The top five trends from FMX 2021

FMX is officially back and this year it has stepped into the virtual world for its 2021 conference. 

As always, the event saw a whole host of different presentations from speakers all over the world, shedding light on industry trends, content breakdowns, tech advancements and more. 

Amongst the speakers, our Foundry team also hosted two presentations covering The Creation of Sky/HBO’s The Third Day and a VFX Breakdown of How To Train Your Dragon: Homecoming. Foundry’s own Mathieu Mazerolle, Director of Product - New Technology, sat on the panel for After the Dominoes have Fallen: Where do we go from here? Which focused on the future of our industry.

In this article, we look at the key themes highlighted at the event that are currently taking the industry by storm—from COVID-19 to virtual reality, we have you covered.

Let’s get started.

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A post-COVID world 

First up, and perhaps most obvious, were the conversations happening around COVID-19 and the future it presents for the industry. Now that we’re finally starting to see some respite from the unexpected chaos it brought to 2020, how do we move forward, and what are the changes we can expect to the way we work? 

With a mass move to working from home, it’s clear this will be a prominent part of the industry’s future. There had already been a small shift towards a new way of work and to cloud services, but the events of last year propelled this forward, forcing us to adapt and quickly re-assess work set-ups.

FMX saw several talks surrounding the post-pandemic recovery, with Access VFX highlighting the effects on education, our mental health, and how we can use what we've learned to benefit us and the industry. There were also discussions on staying creative whilst working from home and how COVID-19 hit new businesses and start-ups—it’s hard to hit the ground running when there is no ground to run on.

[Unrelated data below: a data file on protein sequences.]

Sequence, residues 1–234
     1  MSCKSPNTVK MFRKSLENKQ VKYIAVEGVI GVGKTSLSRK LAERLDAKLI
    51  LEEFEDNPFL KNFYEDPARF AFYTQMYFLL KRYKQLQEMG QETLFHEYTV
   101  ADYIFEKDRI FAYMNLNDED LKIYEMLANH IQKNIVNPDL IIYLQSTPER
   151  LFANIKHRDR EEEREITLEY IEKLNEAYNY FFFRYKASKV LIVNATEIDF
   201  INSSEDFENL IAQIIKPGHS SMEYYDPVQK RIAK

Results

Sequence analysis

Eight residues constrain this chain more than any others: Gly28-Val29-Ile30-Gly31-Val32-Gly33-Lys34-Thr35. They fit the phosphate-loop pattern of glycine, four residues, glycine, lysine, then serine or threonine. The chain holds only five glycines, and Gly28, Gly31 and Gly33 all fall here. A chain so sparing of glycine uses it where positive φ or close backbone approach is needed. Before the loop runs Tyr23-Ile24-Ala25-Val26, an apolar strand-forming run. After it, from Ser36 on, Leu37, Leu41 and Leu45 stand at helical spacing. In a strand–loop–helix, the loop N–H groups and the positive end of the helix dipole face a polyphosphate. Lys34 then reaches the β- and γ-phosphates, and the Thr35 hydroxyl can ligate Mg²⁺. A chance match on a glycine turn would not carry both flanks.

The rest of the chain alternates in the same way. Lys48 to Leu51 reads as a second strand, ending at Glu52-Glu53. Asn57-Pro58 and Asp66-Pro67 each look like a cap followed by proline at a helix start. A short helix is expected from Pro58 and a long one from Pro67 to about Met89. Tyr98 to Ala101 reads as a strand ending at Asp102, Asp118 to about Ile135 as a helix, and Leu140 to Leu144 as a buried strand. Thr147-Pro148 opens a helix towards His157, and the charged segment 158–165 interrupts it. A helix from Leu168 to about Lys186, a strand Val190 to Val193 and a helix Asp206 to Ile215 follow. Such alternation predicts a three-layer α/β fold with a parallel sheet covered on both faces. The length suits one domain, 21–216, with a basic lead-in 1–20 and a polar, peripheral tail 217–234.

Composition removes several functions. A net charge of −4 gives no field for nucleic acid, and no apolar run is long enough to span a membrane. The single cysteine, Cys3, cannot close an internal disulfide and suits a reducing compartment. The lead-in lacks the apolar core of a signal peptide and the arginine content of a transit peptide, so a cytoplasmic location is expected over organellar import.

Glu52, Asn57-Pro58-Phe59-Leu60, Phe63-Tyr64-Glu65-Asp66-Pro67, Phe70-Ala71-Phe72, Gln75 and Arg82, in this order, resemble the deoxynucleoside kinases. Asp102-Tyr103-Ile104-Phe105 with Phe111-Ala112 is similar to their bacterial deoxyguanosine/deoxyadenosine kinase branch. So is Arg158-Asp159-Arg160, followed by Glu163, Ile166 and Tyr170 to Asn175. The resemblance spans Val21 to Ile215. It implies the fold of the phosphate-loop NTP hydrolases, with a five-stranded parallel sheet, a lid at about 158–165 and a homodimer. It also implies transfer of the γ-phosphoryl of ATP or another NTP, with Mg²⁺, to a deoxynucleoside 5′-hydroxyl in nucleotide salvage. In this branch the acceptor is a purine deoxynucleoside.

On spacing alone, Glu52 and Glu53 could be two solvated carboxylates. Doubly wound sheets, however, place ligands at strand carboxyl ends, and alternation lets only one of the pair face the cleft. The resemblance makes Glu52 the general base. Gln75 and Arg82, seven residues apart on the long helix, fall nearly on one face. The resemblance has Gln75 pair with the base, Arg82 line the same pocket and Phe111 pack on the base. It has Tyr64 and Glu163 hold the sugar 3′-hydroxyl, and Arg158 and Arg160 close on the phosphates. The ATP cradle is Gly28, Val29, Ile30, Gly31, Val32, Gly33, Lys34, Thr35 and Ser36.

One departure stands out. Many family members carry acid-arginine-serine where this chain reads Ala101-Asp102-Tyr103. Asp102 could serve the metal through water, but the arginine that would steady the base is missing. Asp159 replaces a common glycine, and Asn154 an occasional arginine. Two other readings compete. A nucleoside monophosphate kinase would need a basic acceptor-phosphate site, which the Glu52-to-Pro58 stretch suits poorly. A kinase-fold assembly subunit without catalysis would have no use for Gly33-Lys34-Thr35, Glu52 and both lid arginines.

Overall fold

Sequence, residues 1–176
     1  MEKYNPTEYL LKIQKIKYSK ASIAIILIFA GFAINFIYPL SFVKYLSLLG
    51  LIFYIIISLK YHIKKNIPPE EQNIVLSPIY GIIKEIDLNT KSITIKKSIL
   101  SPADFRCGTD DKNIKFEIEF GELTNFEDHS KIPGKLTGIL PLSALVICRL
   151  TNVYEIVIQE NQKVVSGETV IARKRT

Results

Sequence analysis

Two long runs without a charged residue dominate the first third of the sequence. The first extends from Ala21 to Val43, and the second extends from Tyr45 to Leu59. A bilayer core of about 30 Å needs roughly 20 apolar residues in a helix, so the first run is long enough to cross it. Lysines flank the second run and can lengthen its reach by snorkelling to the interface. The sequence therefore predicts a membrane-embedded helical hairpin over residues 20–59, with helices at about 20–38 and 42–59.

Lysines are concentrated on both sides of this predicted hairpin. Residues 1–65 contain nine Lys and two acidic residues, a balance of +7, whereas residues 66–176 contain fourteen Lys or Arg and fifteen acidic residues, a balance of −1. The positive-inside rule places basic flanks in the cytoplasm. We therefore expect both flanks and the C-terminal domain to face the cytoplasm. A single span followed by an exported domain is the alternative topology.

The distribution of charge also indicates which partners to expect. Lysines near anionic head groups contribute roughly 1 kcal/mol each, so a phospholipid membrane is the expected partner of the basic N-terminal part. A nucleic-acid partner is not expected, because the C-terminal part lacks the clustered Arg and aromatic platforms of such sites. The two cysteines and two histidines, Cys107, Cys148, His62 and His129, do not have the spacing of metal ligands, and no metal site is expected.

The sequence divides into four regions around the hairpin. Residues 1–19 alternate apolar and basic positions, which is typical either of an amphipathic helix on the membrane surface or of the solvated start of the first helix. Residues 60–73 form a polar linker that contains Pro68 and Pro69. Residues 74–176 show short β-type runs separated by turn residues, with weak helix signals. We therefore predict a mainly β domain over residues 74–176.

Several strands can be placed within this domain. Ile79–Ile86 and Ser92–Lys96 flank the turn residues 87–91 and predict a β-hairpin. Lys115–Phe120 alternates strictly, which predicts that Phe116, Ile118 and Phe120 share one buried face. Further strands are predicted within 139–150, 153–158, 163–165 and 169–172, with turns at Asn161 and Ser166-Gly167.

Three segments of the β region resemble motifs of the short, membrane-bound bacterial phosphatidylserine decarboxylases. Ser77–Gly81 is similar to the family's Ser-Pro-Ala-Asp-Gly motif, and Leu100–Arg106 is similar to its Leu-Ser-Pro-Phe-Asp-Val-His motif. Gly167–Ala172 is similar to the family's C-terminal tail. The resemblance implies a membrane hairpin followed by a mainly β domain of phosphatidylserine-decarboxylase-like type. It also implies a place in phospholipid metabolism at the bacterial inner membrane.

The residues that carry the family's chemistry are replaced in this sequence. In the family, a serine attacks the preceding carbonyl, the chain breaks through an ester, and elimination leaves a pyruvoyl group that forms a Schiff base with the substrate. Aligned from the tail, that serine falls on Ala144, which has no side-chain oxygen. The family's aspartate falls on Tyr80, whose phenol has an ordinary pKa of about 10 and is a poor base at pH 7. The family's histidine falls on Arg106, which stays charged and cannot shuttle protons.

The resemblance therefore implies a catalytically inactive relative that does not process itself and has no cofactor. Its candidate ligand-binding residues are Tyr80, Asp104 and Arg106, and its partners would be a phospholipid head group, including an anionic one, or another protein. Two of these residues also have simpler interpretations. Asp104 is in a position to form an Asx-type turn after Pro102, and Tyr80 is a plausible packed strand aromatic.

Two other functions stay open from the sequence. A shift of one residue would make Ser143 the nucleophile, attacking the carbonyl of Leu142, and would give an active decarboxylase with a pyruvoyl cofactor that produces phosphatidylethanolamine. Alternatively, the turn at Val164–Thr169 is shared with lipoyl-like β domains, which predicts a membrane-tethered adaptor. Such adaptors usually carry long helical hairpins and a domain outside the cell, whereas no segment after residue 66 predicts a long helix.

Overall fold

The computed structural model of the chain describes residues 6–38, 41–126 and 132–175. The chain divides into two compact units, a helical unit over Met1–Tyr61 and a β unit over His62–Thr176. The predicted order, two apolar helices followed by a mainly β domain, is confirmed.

Another interesting piece of information to come out of the event was from Hao Li, CEO and co-founder of Pinscreen, who discussed the idea of virtual meetings becoming a staple in our working lives. Using digital avatars will become more frequent, and we’ll be able to socially interact with anyone we want to, from wherever we want to. Just take Microsoft’s new advert for Microsoft Mesh, below, which hones in on this idea.  

As the world begins to open up, there is no saying for certain what the industry will look like in the future. But, this year has put the wheels in motion for reform. More people will be able to work from home, which means that studios have more flexibility when hiring, which in turn opens up more opportunities for artists and presents the chance for a healthier work-life balance—maybe there is a small light at the end of all this after all. 

The leading entertainment duo 

Both animation and episodic content have been at the forefront of many conversations in recent years. So, it was no surprise that FMX was littered with breakdowns from some of the hit shows from the past year, including WandaVision, A Discovery of Witches, Raya and the Last Dragon and How to Train Your Dragon: Homecoming. 

Demand for animation and episodic shows is at an all-time high, with adults and families alike tuning in to watch the content. The popularity for these is furthered by the current growth in streaming sites, offering on-demand video content which viewers can easily binge. 

FMX this year shone a light on Latin animation with a talk from Simon Wilches, Founder of AMALTEA INC. The talk walked through the history of animation in Latin culture, showing the development from its conception to now. It is great to recognize a lesser-known animation outlet than the Hollywood mainstream and see not only the different styles but also how far it’s come. 

With episodic, the challenge is on to produce the most epic and binge-worth shows with film-grade VFX. From the shows seen, not just at FMX, but from those that have also been hitting our screens, it’s clear the standard is rising—so much so, it’s almost impossible to know what to watch next.

We can expect to see a lot more episodic and animation content in the next few years, and we can’t wait to see what else comes our way.